An electrocardiogram (ECG) is a routine investigation which records the electrical activity of your heart, commonly used to detect problems with your heart.
What is an electrocardiogram?
An electrocardiogram is a routine investigation which records the electrical activity of your heart.
It is one of the most commonly used medical tests in the assessment of cardiovascular disease and is also used to monitor the status of the heart under different conditions.
It is a simple and straightforward procedure usually done in a doctor’s office, a clinic or a hospital room.
Why is an electrocardiogram done?
You might be asked to have a electrocardiogram for the following reasons:
- Fast or slow heart rates
- Irregular heart rhythms
- Abnormal heartbeats
- Areas of the heart with a reduced blood supply
- Previous heart attack
- Delays in the conduction system of the heart
- Coronary artery disease – in which narrowed or blocked arteries cause chest pain or a heart attack
- Monitor ongoing medication and treatment
- Monitor pacemaker activity
- Occupational or Admission requirement: The American Heart Association does not recommend Electrocardiography for the assessment of low risk adults who have no symptoms. However, ECG is a requirement for admission in some schools and recruitment in some professions.
What does an electrocardiogram involve?
The ECG is a simple and painless procedure in which ten stickers (also called electrodes) are attached to the chest.
These stickers are connected up to leads which allow the electrical information to be displayed on the ECG machine.
The patient lies on their back in a relaxed position whilst the tracing is printed out.
The procedure takes approximately ten minutes to complete.
Patients are advised to avoid using oily lotions on the chest or limbs prior to the test.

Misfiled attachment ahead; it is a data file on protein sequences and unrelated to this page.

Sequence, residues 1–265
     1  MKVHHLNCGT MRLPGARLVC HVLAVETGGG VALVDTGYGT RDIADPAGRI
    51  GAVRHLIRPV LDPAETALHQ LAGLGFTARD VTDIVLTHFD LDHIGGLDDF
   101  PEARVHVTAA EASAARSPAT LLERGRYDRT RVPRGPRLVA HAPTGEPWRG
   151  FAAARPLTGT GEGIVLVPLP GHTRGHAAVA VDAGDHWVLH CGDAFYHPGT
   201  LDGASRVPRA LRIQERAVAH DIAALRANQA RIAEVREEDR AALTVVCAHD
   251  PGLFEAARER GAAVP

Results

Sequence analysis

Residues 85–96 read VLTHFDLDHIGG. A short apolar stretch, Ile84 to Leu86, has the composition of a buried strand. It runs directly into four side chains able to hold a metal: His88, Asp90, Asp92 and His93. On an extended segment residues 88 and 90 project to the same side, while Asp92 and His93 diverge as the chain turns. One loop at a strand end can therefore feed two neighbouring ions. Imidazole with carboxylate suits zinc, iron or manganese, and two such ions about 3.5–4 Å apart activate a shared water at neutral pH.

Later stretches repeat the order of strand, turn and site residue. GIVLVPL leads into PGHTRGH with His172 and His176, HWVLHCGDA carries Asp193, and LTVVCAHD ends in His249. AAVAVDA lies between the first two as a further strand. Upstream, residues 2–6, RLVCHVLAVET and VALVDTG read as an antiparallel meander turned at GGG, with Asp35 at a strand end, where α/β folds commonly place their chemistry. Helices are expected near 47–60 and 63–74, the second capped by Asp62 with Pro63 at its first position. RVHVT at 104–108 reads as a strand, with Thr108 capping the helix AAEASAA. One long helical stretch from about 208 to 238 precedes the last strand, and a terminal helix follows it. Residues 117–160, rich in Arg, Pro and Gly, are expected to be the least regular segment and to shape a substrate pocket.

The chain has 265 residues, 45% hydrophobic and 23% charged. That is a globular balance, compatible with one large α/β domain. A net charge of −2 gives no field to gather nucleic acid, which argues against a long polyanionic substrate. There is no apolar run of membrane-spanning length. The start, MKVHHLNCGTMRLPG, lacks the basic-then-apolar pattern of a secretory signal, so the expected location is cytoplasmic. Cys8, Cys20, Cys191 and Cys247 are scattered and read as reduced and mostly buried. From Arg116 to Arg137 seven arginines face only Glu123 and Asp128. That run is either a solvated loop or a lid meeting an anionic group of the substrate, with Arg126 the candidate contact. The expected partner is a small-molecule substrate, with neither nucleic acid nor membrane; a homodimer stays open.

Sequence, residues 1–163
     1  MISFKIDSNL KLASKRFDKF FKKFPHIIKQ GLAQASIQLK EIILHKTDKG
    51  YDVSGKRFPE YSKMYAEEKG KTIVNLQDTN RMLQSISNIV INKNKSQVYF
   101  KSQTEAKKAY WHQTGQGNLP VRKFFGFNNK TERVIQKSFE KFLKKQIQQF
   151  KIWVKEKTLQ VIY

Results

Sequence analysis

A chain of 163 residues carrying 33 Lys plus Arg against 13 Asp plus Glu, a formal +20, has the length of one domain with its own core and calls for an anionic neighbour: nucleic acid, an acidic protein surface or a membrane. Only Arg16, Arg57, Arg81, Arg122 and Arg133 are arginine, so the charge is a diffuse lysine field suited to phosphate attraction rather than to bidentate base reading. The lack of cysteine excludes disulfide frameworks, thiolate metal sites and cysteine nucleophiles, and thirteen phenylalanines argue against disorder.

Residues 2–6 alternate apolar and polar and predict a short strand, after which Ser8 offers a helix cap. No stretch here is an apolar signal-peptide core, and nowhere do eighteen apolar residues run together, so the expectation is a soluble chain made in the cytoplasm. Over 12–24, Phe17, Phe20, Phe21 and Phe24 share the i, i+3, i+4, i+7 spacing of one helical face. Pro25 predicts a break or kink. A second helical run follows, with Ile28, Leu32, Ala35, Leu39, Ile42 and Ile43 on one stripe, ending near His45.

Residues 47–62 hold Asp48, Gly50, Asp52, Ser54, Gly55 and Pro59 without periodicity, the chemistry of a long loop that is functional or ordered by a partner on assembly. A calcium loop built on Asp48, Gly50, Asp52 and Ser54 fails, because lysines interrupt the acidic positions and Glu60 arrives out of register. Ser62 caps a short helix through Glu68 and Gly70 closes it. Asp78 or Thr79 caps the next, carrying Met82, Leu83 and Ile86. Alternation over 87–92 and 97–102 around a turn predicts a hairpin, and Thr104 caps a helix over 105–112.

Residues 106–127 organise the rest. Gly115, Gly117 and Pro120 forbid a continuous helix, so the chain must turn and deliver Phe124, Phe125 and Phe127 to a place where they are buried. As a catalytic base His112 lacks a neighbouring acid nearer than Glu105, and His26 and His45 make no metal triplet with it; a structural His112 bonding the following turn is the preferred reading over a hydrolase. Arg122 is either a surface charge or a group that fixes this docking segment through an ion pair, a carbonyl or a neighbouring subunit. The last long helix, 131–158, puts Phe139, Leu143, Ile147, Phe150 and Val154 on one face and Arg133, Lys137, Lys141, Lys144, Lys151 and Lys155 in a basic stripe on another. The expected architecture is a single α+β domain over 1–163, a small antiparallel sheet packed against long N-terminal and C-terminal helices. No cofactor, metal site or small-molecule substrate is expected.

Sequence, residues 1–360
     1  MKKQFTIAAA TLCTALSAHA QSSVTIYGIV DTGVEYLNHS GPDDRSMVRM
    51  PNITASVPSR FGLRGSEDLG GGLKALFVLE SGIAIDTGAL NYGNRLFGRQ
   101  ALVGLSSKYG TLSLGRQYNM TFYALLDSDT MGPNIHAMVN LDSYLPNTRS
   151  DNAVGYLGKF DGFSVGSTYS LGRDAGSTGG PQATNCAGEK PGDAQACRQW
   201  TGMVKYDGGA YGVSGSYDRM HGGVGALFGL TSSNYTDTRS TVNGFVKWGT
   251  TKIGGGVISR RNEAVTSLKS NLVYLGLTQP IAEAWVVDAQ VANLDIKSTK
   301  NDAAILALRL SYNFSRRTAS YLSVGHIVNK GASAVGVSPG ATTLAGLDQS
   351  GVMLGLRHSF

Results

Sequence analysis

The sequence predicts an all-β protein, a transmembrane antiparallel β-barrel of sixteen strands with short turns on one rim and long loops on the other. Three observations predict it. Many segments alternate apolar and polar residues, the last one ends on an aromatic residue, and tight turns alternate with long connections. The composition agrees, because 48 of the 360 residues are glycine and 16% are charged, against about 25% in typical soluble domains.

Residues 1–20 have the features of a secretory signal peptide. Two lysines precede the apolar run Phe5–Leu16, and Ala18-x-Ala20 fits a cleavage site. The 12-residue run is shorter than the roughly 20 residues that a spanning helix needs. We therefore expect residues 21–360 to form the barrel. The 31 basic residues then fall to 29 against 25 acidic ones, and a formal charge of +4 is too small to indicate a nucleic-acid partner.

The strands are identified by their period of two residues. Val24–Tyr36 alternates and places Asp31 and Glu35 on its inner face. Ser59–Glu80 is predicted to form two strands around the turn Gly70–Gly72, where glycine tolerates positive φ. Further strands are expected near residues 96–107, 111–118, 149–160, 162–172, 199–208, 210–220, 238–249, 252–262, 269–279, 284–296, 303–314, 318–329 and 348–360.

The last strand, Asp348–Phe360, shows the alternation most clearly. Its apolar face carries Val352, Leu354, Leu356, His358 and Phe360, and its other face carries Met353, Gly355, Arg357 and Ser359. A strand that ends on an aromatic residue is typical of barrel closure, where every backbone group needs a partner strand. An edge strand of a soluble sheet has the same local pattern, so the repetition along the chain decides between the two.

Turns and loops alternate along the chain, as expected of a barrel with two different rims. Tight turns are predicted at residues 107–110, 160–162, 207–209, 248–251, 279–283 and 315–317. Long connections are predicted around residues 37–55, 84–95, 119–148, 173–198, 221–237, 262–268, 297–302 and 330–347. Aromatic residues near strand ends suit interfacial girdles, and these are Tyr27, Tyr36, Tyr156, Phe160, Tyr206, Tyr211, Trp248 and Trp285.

The physiologist may also be required to shave chest hair before applying the stickers. This is to allow good adhesion to the skin.
Patients should also inform their doctor if they have been on any medication or supplements as this might affect the results of the test.
The results of the test are sent to the referring doctor within 24-48 hours of completion. The doctor will discuss these results with you.
The ECG would provide information on:
- Heart rhythm: ECG would show if the rhythm is regular or irregular
- Heart attack: The patterns on the ECG would show if there has been a previous heart attack or one that is ongoing. It would also give information on the portion of the heart damaged, as well as the extent of the damage.
- Blood and oxygen supply to the heart: If ECG is done while a patient is having symptoms like chest pain, the doctor would be able to tell if the pain is from a reduced blood supply or not.
- ECG can detect structural abnormalities in the heart, such as the enlargement of a heart chamber
- Heart rate: This should be counted normally from the pulse. However, if it is too fast or slow to be counted accurately from the pulse, an ECG would be useful.
There are no major side effects of electrocardiography. However, some people might experience slight discomfort (like plaster being removed) when the electrodes (leads) are removed.
Also, some patients are also allergic to the adhesive present in the electrodes.
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